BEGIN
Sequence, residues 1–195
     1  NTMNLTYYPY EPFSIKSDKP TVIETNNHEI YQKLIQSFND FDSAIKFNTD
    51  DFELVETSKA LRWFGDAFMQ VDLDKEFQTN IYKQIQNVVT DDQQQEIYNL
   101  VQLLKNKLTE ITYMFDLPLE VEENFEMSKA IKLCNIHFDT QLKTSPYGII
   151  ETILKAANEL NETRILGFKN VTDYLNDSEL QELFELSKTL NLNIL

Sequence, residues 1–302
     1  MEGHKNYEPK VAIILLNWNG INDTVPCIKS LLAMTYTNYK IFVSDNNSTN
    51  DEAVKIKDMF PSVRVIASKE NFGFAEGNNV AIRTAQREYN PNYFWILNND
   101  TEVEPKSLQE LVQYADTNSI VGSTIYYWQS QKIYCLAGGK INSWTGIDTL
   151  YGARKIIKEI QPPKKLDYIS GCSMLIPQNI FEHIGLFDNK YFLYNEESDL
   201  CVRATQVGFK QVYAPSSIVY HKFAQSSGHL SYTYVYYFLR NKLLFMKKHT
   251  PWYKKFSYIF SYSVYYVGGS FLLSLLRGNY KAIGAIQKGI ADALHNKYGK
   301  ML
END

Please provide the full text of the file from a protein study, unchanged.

Sequence, residues 1–195
     1  NTMNLTYYPY EPFSIKSDKP TVIETNNHEI YQKLIQSFND FDSAIKFNTD
    51  DFELVETSKA LRWFGDAFMQ VDLDKEFQTN IYKQIQNVVT DDQQQEIYNL
   101  VQLLKNKLTE ITYMFDLPLE VEENFEMSKA IKLCNIHFDT QLKTSPYGII
   151  ETILKAANEL NETRILGFKN VTDYLNDSEL QELFELSKTL NLNIL

Sequence, residues 1–302
     1  MEGHKNYEPK VAIILLNWNG INDTVPCIKS LLAMTYTNYK IFVSDNNSTN
    51  DEAVKIKDMF PSVRVIASKE NFGFAEGNNV AIRTAQREYN PNYFWILNND
   101  TEVEPKSLQE LVQYADTNSI VGSTIYYWQS QKIYCLAGGK INSWTGIDTL
   151  YGARKIIKEI QPPKKLDYIS GCSMLIPQNI FEHIGLFDNK YFLYNEESDL
   201  CVRATQVGFK QVYAPSSIVY HKFAQSSGHL SYTYVYYFLR NKLLFMKKHT
   251  PWYKKFSYIF SYSVYYVGGS FLLSLLRGNY KAIGAIQKGI ADALHNKYGK
   301  ML